In order to run these programs you need a TI-82 pocket calculator and the black TI Graph Link connector for the serial port of your PC. If your PC does not have a serial port, an USB to serial converter should also do it. Since the TI Graph Link software only runs under Windows and Mac I have installed it with Qemu under Windows XP. You have to select COM port one and 'black cable' under the TI 82 Graph Link software if this is your setup. If you don´t have the link you would need to manually type all the programs as seen in the .AS2 files. To see which parameters need to be passed to Qemu to make the serial port work, look at the configuration file under downloads below. At the time this article was written the Graph Link software did not run under Wine/Linux. I have reported the issue to the Wine developers but it seemed rather hard to fix since it amounted to the ntoskrnl.
Download and unpack TI-82-progs-elstel.org.tar to get all the programs in plain text as .AS2 and in the internal representation for direct upload as .82P. The A/B/C.TXT and A/B/C.82M are matrices I have used to test the linear equation solver. Linear equations are solved using the Gauss algorithm. If you assign 1→E then the program keeps all numbers as integers and does not produce fractions. This way you can be sure not to have any rounding errors. If you want direct solutions for every rather than one variable and thus avoid back propagating the results you may want to apply the Jordan algorithm after the Gauss algorithm. GJNorm noramlizes the results to have a coefficient of one for each variable but it will produce fractions. It can be applied either after Gauss or after the Jordan. GJGGTDIV simplifies the result without producing fractions, i.e. it divides every row through its common greates divider. If you happen to have n linear independent vectors of size n in your matrix then an inverse matrix exists. You can call JXTRINV after the Jordan and GJNorm. Call GETINV as sole program to calculate the left inverse matrix of [A] into [E]. All programs change L6 the vector/list number 6. All other matrix programs than GETINV only operate on [E]. The M variable is supposed to contain the number of linear equations, i.e. the row count. The N variable the column count and thus the number of variables with coefficients. Everything which is not the coefficient of a variable needs to reside in a column with number N+1 (counting starts at one, not at zero). If you do not call GETINV directly make sure to assign appropriate values to M, N and D. If you set D to one then the outcome of each intermediate step will be displayed. Set the E variable to zero to work with fractions and decimal numbers. Set E to one to calculate with integers only. You may be astonished that GETINV produces a result also if not inverse matrix should exist. In this case the number of rows will be less than they were initially because not all vectors were linear independent. If you calculate [E]*[A] you still get a matrix that looks as similar as possible to the identity matrix (German: Einheitsmatrix).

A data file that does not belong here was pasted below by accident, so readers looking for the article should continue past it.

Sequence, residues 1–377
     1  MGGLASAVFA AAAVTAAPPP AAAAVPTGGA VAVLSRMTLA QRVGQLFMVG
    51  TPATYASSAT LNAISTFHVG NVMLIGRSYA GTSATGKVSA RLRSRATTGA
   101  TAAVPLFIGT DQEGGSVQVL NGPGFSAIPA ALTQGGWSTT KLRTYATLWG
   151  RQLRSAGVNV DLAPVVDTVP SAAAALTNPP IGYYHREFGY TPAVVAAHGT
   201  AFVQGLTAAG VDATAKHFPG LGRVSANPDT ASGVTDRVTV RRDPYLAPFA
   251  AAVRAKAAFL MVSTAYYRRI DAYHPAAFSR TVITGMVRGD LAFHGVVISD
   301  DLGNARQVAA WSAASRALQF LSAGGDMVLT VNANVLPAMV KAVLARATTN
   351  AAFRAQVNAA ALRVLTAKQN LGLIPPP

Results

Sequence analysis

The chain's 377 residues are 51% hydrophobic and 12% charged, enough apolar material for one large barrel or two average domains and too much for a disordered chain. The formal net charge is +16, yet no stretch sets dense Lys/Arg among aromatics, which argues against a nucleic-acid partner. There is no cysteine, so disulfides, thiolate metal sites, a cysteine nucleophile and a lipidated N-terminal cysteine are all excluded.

We also have a program to calculate the greatest common divider (German: GGT, größtes gemeinsames Vielfaches) and the smallest common multiple (German: KGV, kleinstes gemeinsames Vielfaches). The integer number list is stored and processed in L6. Be careful; the programs in this section may change some integer variables. While the programs that operate on matrices do save and restore integer variables to L6 (except GJGGTDIV which also uses L5 for this purpose) the GGT0 program uses variables G and F, while KGV uses even more variables (see at the sources). The program PRIM factorizes prime numbers and stores the result as matrix [E]. The program TTBOOL evaluates a boolean function in Y0 with all possible values of A, B, C and D and outputs its truth table. That way you can f.i. compare if two boolean functions yield the same result. We also have two programs to calculate the unit vector and the three dimensional cross product of a vector stored in L6. The difference between the GGT and the GGT0 programs is that GGT lets you input L6 while GGT0 merely does the calculation and is thus called by the program GJGGTDIV.
Finally you can enjoye some TI-82 arts by invoking ZPFAU which paints a peacock in the polar coordinate system merely by definining six polar functions r1-r6. If you read the source file of this program for use elsewhere apart from the TI-82, then you need to interprete the @ as theta.
|TI-82 programs||as tar archive; extract with tar -xvf xy.tar|
|matrix inverse calculation||view the source file which is part of the .tar above|
|Gauss algorithm||view the source file which is part of the .tar above|
|runWinXP||bash script to invoke Qemu for Windows XP with serial port connected|